1911 Encyclopædia Britannica/Plotinus

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PLOTINUS (A.D. 204–270), the most important representative of Neoplatonism, was born of Roman parents at Lycopolis in Egypt. At Alexandria he attended the lectures of Ammonius Saccas (q.v.), the founder of the system, until 242, when he joined the Persian expedition of Gordian III., with the object of studying Persian and Indian philosophy on the spot. After the assassination of Gordian in 244, Plotinus was obliged to take refuge in Antioch, whence he made his way to Rome and set up as a teacher there. He soon attracted a large number of pupils, the most distinguished of whom were Amelius, Eustochius and Porphyry. The emperor Gallienus and his wife Salonina were also his enthusiastic admirers, and favoured his idea of founding a Platonic Commonwealth (Platonopolis) in Campania (cf. Bishop Berkeley’s scheme for the Bermuda islands), but the opposition of Gallienus’s counsellors and the death of Plotinus prevented the plan from being carried out. Plotinus’s wide popularity was due partly to the lucidity of his teaching, but perhaps even more to his strong personality. Assent developed into veneration; he was considered to be divinely inspired, and generally credited with miraculous powers. In spite of ill-health, he continued to teach and write until his death, which took place on the estate of one of his friends near Minturnae in Campania.

Under Ammonius Plotinus became imbued with the eclectic spirit of the Alexandrian school. Having accepted the Platonic metaphysical doctrine, he applied to it the Neo-Pythagorean principles and the Oriental doctrine of Emanation (q.v.). The results of this introspective mysticism were collected by him in a series of fifty-four (originally forty-eight) treatises, arranged in six “Enneads,” which constitute the most authoritative exposition of Neoplatonism. This arrangement is probably due to Porphyry, to whose editorial care they were consigned. There was also another ancient edition by Eustochius, but all the existing MSS. are based on Porphyry's edition.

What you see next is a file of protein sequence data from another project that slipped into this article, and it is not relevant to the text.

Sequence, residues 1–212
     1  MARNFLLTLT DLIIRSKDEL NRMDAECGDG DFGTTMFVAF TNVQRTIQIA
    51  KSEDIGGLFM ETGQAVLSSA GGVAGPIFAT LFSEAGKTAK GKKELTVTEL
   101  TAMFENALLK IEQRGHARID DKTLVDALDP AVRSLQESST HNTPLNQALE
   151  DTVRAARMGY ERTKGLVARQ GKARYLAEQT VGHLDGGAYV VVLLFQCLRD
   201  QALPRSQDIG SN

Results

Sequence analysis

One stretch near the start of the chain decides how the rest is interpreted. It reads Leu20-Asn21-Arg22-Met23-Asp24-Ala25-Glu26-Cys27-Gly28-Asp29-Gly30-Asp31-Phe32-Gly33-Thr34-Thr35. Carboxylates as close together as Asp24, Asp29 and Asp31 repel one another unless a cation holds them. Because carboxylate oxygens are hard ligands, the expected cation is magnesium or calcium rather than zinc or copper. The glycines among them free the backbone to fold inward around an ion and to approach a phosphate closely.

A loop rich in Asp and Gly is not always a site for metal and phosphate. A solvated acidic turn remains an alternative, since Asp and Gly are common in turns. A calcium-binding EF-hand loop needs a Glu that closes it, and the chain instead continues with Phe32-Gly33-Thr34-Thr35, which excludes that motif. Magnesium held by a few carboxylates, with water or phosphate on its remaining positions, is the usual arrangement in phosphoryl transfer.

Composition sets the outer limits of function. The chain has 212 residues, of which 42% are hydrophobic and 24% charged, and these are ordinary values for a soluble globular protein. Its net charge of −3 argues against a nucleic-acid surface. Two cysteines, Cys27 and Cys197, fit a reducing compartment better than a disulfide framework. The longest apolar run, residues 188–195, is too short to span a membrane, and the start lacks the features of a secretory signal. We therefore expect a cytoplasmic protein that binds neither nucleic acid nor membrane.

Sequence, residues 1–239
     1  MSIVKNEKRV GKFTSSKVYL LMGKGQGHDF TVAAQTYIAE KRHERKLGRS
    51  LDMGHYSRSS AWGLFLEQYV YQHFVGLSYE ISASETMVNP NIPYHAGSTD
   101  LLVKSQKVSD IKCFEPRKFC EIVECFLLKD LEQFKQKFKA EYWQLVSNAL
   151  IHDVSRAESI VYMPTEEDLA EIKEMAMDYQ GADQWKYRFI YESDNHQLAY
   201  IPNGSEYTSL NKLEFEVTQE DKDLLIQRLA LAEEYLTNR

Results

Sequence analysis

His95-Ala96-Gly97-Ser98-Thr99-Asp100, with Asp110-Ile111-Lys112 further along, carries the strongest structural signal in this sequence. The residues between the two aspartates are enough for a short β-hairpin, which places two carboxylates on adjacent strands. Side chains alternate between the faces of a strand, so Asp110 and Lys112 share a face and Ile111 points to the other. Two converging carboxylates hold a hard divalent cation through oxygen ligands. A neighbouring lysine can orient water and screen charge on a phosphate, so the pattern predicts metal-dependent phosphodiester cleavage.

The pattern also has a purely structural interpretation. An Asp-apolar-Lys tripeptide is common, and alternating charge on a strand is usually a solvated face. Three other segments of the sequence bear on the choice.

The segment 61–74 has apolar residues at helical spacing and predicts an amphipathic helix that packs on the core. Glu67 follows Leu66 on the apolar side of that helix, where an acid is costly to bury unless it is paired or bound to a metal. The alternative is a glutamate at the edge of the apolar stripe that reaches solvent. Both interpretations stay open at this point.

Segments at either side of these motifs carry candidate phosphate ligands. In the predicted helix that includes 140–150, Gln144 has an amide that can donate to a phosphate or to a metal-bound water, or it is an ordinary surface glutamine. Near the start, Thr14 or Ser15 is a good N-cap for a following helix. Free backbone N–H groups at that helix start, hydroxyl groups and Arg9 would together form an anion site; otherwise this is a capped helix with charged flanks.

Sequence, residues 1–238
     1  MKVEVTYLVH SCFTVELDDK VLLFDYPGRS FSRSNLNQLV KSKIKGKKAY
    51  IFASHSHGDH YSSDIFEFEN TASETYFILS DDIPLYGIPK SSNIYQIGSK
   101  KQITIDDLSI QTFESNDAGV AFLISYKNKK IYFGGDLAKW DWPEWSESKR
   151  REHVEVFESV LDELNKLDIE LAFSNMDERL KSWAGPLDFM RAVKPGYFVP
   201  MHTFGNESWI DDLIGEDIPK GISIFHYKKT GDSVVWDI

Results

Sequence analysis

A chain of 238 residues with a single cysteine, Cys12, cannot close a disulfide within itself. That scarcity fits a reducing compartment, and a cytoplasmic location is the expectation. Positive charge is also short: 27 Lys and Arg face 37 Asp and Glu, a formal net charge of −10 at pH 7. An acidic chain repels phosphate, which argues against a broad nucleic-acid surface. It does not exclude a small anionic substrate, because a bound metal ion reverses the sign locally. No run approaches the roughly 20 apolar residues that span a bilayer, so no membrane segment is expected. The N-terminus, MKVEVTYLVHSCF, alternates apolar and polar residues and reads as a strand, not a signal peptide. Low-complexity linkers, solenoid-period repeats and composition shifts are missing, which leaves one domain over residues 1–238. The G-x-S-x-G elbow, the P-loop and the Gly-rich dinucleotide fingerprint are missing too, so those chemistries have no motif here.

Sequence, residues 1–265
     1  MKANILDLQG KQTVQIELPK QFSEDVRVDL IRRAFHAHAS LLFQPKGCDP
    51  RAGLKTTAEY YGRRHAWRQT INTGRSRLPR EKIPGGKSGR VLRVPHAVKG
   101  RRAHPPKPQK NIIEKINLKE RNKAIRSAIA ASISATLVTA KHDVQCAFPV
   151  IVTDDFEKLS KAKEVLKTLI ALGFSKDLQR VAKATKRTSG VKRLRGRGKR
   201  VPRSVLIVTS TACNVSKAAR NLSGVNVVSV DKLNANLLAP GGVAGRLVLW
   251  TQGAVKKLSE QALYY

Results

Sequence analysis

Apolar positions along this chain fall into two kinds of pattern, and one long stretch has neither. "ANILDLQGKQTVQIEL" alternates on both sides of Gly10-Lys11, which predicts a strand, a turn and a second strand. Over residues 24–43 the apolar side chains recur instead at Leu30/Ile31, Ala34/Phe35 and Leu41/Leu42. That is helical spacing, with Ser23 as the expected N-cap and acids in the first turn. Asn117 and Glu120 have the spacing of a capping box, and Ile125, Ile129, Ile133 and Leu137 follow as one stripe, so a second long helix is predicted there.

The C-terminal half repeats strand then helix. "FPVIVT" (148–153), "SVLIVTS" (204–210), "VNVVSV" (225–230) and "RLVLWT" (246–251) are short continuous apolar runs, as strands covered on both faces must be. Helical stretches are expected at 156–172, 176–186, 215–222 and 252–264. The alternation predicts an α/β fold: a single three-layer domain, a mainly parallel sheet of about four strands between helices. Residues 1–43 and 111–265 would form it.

The Enneades of Plotinus were first made known in the Latin translation of Marsilio Ficino (Florence, 1492) which was reprinted at Basel in 1580, with the Greek text of Petrus Perna. Later editions by Creuzer and Moser (“Didot Series,” 1855), A. Kirchhoff (1856), H. F. Muller (1878–1880), R. Volkmann (1883–1884). There is an English translation of selected portions by Thomas Taylor, re-edited in Bohn’s Philosophical Library (1895, with introduction and bibliography by G. R. S. Mead).

On Plotinus generally see article in Suidas; Eunapius vitae sophistarum, and above all the Vita Plotini by his pupil Porphyry. Among modern works, see the treatises on the school of Alexandria by J. F. Simon, i. (1845), and É. Vacherot (1846); A. Richter, Ueber Leben und Geistesentwicklung des Plotin (Halle, 1864–1867); T. Whittaker, The Neoplatonists (1901); A. Drews, Plotin und der Untergang der antiken Weltanschauung (1907); E. Caird, Evolution of Theology in the Greek Philosophers (1904), ii. 210–257; Rufus M. Jones, Studies in Mystical Religion (1909). A detailed account of Plotinus’s philosophical system and an estimate of its importance will be found in the article Neoplatonism, the works above referred to, and the histories of philosophy. For his list of categories, see Categories; also Logos; Mysticism; Magic.